But the feeling evoked is similar: static lists make the characters seem already dead, prematurely mourned. His characters carry the modern implements of war. Curt was always posturing to make himself appear better to others. Ted Lavender adopted a puppy that Azar blew up. However, Cross begins to doubt Martha's love for him. Lavender carried extra rounds for protection but still got shot dead, showing death in war does not reward the prepared. He began to fidget and fumble with his dog tags.
Linda started wearing a red cap, and when it was yanked off it was revealed that she was bald due to chemotherapy for a brain tumor. This causes the people who are drafted into the mutual hate to band together to live. First Lieutenant Jimmy Cross of Alpha Company is carrying letters from a girl named Martha that he loves from back at college, though he doesn't believe she loves him. O'Brien presents to his readers both a war memoir and a writer's autobiography, and complicates this presentation by creating a fictional protagonist who shares his name. However, he appears to be Tim O'Brien's best friend in the company. The theme of believing in the people around you and having reliable people with you comes from the time period being filled with people who are opposed to the action of war.
The area is so isolated that one of the soldiers flies his hometown girlfriend in by helicopter. At first regularly antagonized by one another, the two are drawn toward respect and friendship by the stress and horrors of warfare. There was so little action there that one soldier, Mark Fossie, snuck his girlfriend Mary Anne Bell in by helicopter. He was unable to be brave and follow his conscience. Bowker drives repeatedly around a lake in his hometown, reminiscing about the night Kiowa died. However, when Strunk is actually hurt, he begs Jensen to spare him, and Jensen complies. One of the men returns from urinating and gets shot in the head.
O'Brien recalls Kiowa teaching Rat Kiley and Dave Jensen a rain dance. Years after the war, the two spent an afternoon together remembering their friends and those who were killed. When Dobbins' girlfriend breaks up with him, he still wears the stockings and says the magic didn't leave. At first Cross is reading Martha's letters each night and imagines what she is doing. At that moment he finds himself unable to do what he feels he must do. Kiowa often helps other soldiers deal with their own actions, such as taking the lives of other human beings. When the inevitable happens and a soldier is killed, extra tension stems from the fact that Cross knows he is responsible.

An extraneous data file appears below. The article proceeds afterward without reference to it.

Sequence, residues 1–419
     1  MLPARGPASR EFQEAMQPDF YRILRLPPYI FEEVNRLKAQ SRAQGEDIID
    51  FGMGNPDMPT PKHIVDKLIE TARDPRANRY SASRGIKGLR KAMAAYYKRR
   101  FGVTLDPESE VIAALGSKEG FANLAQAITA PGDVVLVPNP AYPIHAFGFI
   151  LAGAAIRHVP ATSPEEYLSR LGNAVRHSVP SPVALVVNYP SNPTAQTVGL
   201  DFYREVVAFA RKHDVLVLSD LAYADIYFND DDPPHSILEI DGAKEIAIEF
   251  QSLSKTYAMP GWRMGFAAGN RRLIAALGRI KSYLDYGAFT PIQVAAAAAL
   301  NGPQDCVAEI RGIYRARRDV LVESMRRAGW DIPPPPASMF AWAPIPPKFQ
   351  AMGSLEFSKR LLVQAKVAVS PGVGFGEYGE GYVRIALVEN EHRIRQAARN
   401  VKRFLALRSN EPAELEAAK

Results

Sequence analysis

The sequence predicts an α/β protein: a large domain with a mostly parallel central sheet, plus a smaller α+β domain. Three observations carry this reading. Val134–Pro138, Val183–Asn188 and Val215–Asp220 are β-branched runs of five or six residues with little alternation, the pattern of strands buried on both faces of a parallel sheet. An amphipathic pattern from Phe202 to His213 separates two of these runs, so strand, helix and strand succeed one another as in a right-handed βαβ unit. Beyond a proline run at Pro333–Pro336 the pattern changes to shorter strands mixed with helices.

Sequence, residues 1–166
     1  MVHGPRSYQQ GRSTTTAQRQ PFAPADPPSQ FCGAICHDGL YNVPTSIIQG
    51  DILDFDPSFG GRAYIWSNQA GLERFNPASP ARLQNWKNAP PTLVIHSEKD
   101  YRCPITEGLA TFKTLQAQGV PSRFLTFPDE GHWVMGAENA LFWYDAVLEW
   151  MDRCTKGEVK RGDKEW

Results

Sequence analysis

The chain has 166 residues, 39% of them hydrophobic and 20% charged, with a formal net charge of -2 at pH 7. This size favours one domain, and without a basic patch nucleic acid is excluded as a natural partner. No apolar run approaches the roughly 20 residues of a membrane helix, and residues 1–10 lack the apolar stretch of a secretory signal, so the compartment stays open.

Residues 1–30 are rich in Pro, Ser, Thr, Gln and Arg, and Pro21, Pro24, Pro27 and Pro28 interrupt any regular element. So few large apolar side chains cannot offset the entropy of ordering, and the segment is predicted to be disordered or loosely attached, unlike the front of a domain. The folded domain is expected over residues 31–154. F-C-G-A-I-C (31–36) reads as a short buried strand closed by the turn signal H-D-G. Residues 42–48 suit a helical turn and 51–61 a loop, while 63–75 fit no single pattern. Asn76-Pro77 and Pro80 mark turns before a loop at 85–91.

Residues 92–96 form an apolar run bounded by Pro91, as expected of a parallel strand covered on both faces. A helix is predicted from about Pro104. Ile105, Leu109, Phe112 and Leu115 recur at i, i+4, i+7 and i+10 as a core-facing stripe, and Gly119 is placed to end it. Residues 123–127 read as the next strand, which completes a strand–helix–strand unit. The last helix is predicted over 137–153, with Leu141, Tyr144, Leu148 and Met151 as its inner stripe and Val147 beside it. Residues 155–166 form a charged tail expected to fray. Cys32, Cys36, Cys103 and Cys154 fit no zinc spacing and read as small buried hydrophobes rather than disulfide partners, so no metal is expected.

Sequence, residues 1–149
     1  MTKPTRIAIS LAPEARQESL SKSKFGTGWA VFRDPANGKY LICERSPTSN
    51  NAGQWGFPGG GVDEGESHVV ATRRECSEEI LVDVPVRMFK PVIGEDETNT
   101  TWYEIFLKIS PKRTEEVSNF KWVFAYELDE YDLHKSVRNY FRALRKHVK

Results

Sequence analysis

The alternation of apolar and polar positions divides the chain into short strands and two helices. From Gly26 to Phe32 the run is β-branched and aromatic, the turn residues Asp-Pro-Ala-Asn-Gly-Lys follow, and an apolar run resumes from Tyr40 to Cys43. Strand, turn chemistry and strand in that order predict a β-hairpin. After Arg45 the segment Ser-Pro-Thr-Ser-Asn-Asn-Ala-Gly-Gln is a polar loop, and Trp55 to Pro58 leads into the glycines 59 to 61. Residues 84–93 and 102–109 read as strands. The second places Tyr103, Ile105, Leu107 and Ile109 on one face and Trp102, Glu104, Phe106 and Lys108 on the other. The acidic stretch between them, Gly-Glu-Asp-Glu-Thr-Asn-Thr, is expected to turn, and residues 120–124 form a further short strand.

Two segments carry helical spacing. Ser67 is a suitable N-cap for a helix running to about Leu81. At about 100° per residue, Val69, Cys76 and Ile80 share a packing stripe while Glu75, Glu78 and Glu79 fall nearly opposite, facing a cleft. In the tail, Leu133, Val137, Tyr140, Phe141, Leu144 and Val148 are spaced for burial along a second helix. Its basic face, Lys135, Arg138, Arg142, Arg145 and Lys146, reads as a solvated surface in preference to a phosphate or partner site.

He decided to just wait. Mitchell Sanders sends his body lice to his hometown draft board. These stories remain even after the meaning fades away. He failed the first major test of his young life. They went on a date, and then she died of a brain tumor. As Bowker drives around a lake in his Iowa hometown, he thinks that he failed to save Kiowa, who was killed when a mortar round hit and caused him to sink headfirst into a marshy field. He uses the letters, photographs, and the small stone she has sent him as a way of connecting to the world outside of Vietnam.
In the end, she becomes a killer and disappears into the mountains by herself. Summary of Chapter In the chapter entitled 'The Dentist,' the narrator reflects on his comrade Curt Lemon's death. Cross blames himself for Lavender's death, as he was fantasizing about Martha when Lavender was shot. Lieutenant Jimmy Cross is a lieutenant and so he carries a different kind of gun and the responsibility to protect his men. A death in the squad under his supervision causes Cross to reconsider his priorities, and, heartbroken, he burns and throws away all reminders of Martha in order to stave off dangerous distractions.
Strunk dies in the chopper, and Jensen appears relieved. He reflects on the medals he won in Vietnam, and imagines telling his father about both these and the medals he did not win. In a vengeful prank against a medic who nearly killed him with his negligence and then took his place in the brotherhood of the platoon, Tim creates a story that nearly drives the medic insane. Then he breaks his own nose with a pistol and asks Strunk if they're even. Like O'Brien, he is also a storyteller and is portrayed as a mentor. On April 16, Lee Strunk draws the number to go down. Readers learned in a previous chapter that Curt was blown up by a booby trap.
He hesitates to disappoint them. O'Brien states that none of it mattered. This section contains 541 words approx. In mid-April they had to search and then destroy the tunnels near Than Khe. O'Brien is given the opportunity to escape; however, the societal pressures are too much for him. This channel discusses and reviews books, novels, and short stories through drawing. Every night, Henry Dobbins and Norman Bowker dig a foxhole and play checkers.
Later, Kiowa drowns in a field that's literally full of poop, and we start to talk about blame. Dobbins claims that even though he isn't religious, he would like to be a preacher to be able to talk to people and be nice and kind, but not all the hard stuff or all the religious stuff. As we go through the book—which does not flow chronologically, btw—we're told a lot of things. In The Things They Carried, O'Brien plays with the genre of ; he writes using. Cross considers this a heavy burden. Then, later at night, he returned to the dental tent. He remembers seeing Kiowa's boot and trying to pull but Kiowa was too stuck so Bowker fled.